Orange County Security SIG

Notes and comments of a Special Interest Group on computer security.

October 07, 2007


storm Worm


Something seems to be cooking but nobody really knows what is in the pot.

It's called the Storm Worm and it goes by a couple dozen different aliases. It first was noticed in January 2007 and has been slowly growing every since. But all it does so far is spread spam and occasionally attacks anti-spyware web sites. It has such a low profile that it is able to get around even the more sophisticated anti-spyware techniques used at Google.

It is slow and initially non-threatening like the syphilis virus. It's redundant with no central leadership and it's broken into small cells just like al-Queda. It also attacks people who criticize it and it keeps people from opposing it like the Italian Mafia or the Blood-N-Crips. Some compare its slow persistence to an ant colony and its current power to more than all the super computers in the world today.

A poster at Bruce Schneiders blog summed it up rather nicely: "why does evil have to be so awesome?"

Nobody is really sure just what it does. Was it meant to spread spam or to do Denial of Service attacks? Maybe someone is building a huge army of zombies for later use. That theory has been used for other infections before but this time it might be right. Only time will tell.

Many can't even decide what to categorize it as. Is it a virus, a worm, or a trojan horse. Well it doesn't have any method to re-create itself or to infect an executable file like a virus does. It is usually refered to as a worm but spreads itself by hitch-hiking on a probably harmless file like a Trojan Horse. So Trojan Horse it seems to be, but that is not what people know it by.

Then there is the uncertainty of who is behind it. Not only who wrote it, but who controls it now and who will control it when it decides to be malicious. Some experts think it was a group of Russian teens and others think it can be blamed on the spam kings like Leo Kuvayev.

Sometimes you'll see it in PDF spam, uTube videos, ecards, pump-n-dump schemes, love related spam, politically related spam, IMs, and blog posts.

methods of attackpossible defensesremoval (as per Symantec)
  1. run a system scan with system restore turned off & updated sigs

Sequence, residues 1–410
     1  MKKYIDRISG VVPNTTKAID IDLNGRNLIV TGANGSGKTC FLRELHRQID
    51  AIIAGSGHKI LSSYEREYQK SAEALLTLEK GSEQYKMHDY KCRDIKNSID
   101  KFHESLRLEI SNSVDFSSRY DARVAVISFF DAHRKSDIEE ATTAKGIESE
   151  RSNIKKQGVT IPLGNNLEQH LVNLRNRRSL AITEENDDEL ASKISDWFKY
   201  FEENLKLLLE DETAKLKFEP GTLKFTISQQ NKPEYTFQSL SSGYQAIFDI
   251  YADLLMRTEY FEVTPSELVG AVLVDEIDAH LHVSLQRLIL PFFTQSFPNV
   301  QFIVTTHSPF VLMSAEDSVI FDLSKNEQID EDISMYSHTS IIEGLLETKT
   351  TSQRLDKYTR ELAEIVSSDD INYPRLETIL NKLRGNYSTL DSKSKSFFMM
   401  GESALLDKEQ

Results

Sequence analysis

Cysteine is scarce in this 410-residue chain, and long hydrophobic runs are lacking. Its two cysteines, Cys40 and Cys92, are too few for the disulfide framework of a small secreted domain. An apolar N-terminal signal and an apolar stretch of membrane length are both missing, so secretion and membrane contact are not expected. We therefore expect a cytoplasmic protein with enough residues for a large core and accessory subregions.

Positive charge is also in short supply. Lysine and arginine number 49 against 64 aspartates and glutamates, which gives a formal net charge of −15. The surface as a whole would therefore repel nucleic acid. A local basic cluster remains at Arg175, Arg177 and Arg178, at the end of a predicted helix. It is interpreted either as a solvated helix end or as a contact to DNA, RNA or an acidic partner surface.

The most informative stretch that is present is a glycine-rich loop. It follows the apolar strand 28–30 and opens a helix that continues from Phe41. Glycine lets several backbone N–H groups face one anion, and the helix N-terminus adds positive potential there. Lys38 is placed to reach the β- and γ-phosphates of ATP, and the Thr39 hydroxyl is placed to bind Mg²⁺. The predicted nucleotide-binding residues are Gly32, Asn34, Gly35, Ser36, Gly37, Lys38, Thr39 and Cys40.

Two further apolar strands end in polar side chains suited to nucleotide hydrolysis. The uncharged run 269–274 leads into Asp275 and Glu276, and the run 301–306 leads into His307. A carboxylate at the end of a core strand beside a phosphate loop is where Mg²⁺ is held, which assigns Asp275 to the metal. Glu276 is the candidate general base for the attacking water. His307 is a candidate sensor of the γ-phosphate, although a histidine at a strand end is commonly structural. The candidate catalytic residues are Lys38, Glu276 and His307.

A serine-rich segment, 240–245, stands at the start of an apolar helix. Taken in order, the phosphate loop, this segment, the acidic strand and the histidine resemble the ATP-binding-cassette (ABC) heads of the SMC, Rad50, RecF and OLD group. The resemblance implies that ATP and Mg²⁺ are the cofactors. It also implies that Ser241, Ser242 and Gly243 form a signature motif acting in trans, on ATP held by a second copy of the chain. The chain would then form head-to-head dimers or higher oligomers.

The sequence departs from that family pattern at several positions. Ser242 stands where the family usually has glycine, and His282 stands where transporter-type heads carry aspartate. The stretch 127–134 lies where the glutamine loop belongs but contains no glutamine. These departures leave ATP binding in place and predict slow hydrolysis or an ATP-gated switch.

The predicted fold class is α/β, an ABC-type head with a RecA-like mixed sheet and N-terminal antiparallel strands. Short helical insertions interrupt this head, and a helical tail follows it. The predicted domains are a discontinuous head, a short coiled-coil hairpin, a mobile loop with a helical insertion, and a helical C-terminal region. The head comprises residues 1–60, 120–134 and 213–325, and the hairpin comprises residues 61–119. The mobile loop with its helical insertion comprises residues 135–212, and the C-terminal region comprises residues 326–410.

2. remove the following entry from the registry

Technical details:

subject lines:

Who ever controls it sure knows how to push peoples buttons so they will click the proper a button.

Namesattachmentsactions during infection
  1. drops device driver
  2. install the device driver as a service (via registry entry)
  3. reboots the computer without prompt
  4. drops an encrypted list of initial peers
actions during execution
  1. the device service injects a module into the services.exe process.
  2. hides the device service and its file
  3. communicates with P2P via encrypted UDP
  4. registers compromised computer as a peer in the P2P network
  5. learns what files to download and execute.
  6. learns about additional peers
  7. updates its own peer list file with the gathered information.
  8. downloads and executes the following file
  9. game0.exe, game1.exe, game2.exe, game3.exe
  10. occationally attacks websites that analyze it
  11. attack a site that visits the URL more than x times in Y minutes
files added during infectionfiles downloadedregistry entries created during infectionnetwork activity

Miscellaneous quotes and a timeline

  • it was discovered on the 19th
  • 8% of all infections on Window computers- (Institute for Ethics & Technologies)
  • McAfee raise its risk assessment to Low-Profile due to its prevalence.
  • Symantec Security Response raised this threat to category 3
  • Fortinet ranked it as the fourth worst threat in February ... - ITWEEK
  • 39% (1 in 256) of all emails were infected - Sophos
  • it accounted for almost 4% of all infections in February -
  • Storm Worm made up 50.3 per cent of all malware tracked by Sophos - ITWEEK March 2007
  • started using Blogs with the option to post via email (Sunbelt)
  • started getting around CAPTCHAs (Sunbelt)
  • [its power is now] four million times a standard ADSL connection. - Info Week
  • it is now strong enough to force entire countries off Inet (ITweek)
  • on the 17th it infected the GOP web-site (The Register & ComputerWorld)
  • on the 25th Microsoft's MSRT (mal. sw. removal tool) cut bot-net size by 20%
  • started Denial of Service attacks on anti-spyware and anti-spam sites
    • 419eater
    • Joe Stewarts personal website


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